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Are Tour Add-Ons Right For My Business?

Last updated on December 3, 2019
6 minute read
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No matter which pricing strategies are used to sell activities, there’s always room for something extra to help drive revenue and set yourself apart from the competition. 

Tour add-ons are additional services or products that guests can add to their tour or activity during the checkout process. These optional tour extras like meals, special offers, upgrades, or products are not included in the base price of the tour and are specific to the tour being booked.

Add-ons are an excellent way to add value to the experiences you offer and facilitate a cohesive booking process. This gives customers confidence knowing they will have everything they need from the moment their booking is completed.

If your tour or activity requires additional items or has specific requirements (for example, that snorkeling guests must use reef-safe sunscreen only), add-ons help ensure that your guests get everything they need before the activity begins.

This guide will detail why you should offer tour add-ons and what kind of products and services can be included as add-ons. You’ll also learn whether add-ons are right for your business and how to avoid creating decision fatigue by adding too many booking options. Plus, we’ll cover some tips and tricks for implementing add-ons in the booking process.

Types of Add-Ons

Add-ons can be almost anything imaginable, from meals and transportation to rental gear and more. Here are a few of the most common add-ons:

  • Meals: Allow customers to add a lunch to their hiking tour or purchase dinner aboard an evening cruise.
  • Transportation: If you operate near many major resorts, consider providing transportation to and from the hotels for tour guests.
  • T-shirts and accessories: Already sell company merchandise on-site? Offer guests the option to purchase something like a t-shirt during the booking process. Remember, every time you sell a t-shirt, that’s another advertiser for your brand!
  • Rental gear: Even if you include a selection of gear and equipment in the base tour price, offer additional items that might make customers feel more comfortable. For example, if you run hiking tours, give people the option to book trekking poles or binoculars to rent at checkout. These are small things that aren’t necessarily required on the tour but would likely enhance the guest experience.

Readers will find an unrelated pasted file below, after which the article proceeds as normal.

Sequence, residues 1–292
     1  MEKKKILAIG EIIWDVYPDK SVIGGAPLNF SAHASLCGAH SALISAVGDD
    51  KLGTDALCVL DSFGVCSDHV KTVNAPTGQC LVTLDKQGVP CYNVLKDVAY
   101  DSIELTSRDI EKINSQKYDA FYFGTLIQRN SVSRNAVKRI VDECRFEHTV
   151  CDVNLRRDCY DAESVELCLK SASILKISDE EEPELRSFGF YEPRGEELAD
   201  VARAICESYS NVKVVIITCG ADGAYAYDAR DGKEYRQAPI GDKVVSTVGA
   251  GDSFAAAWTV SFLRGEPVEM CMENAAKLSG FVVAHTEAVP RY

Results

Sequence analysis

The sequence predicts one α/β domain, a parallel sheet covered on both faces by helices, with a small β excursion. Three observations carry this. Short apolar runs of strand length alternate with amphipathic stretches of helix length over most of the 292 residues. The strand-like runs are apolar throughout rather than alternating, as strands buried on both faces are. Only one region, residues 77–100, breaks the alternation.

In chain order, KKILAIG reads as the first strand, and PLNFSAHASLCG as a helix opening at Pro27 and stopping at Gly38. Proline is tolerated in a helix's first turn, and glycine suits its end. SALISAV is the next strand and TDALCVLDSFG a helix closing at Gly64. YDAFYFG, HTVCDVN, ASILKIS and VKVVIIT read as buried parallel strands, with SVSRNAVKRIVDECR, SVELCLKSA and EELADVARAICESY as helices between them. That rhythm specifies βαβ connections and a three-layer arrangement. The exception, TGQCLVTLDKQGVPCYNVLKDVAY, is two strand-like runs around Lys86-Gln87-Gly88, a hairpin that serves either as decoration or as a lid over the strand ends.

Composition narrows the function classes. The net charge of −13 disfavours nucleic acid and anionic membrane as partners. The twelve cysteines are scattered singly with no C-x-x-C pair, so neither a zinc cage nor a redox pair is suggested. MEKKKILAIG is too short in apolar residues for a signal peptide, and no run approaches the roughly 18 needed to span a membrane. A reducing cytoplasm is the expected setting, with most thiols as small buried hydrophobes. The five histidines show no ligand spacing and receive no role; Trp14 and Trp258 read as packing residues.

• Photo/video packages: Is your activity one of those must-photograph adventures? If the tour involves activities that are difficult for guests to photograph (snorkeling or scuba diving, zip-lining, cave rappelling, ATV tours, etc.), providing a professional photography or videography service is a way for guests to capture their experience and create lasting memories. Plus, a photo/video package lets guests focus on living in the moment without having to worry about taking photos of their own.
  • Reef-safe sunscreen (or other area-specific products): Many water sport tour operators require the use of reef-safe sunscreen due to area regulations. Adding this item at checkout is a great way to ensure that guests come prepared.

Feel free to get creative with add-ons. Think about things that would enhance your guests’ experience or help them get prepared for the tour. If your add-ons will offer great value and set you apart from your competitors, it’s a win-win for your customers and your business.

On the flipside, consider whether tour add-ons are really necessary for your business. Is it absolutely essential that you offer meals or T-shirts? Let’s say you offer hiking tours to a remote area where guests cannot easily find a meal. It’s probably a good idea to offer a meal as an add-on. However, if your booking form already includes many custom fields, you should skip items like T-shirts which can be sold in person at your business. Keep in mind that having too complicated of a booking form can confuse potential bookers and possibly cause them to abandon the booking.

Tips for Using Add-Ons

  • Make the add-on process as simple as possible by including all taxes and fees in the price of the add-on.
  • It’s important to note that some add-ons can actually reduce the price of a tour. For example, if a guest is able to bring their own scuba diving equipment, you can offer a lower price as an incentive for them to complete their booking with your business over another tour operator.
  • Although add-ons can be beneficial, it’s important not to overwhelm guests with too many options. Customers may be most receptive when they are in the buying process, but you don’t want to bombard them with unnecessary add-ons. Doing so creates decision fatigue which can lead to booking abandonment and fewer bookings. Make sure each add-on has a valuable purpose or leave it off the booking form.

Get started by brainstorming possible add-ons and include them with the most popular tour(s) to see how well they perform. You can always add additional extras or remove whichever ones aren’t selling. Find information on how custom fields are performing by running the Custom Field Answers report in your Dashboard.

For more resources about how to make the most of your bookings see our pricing and up-sell strategies guide

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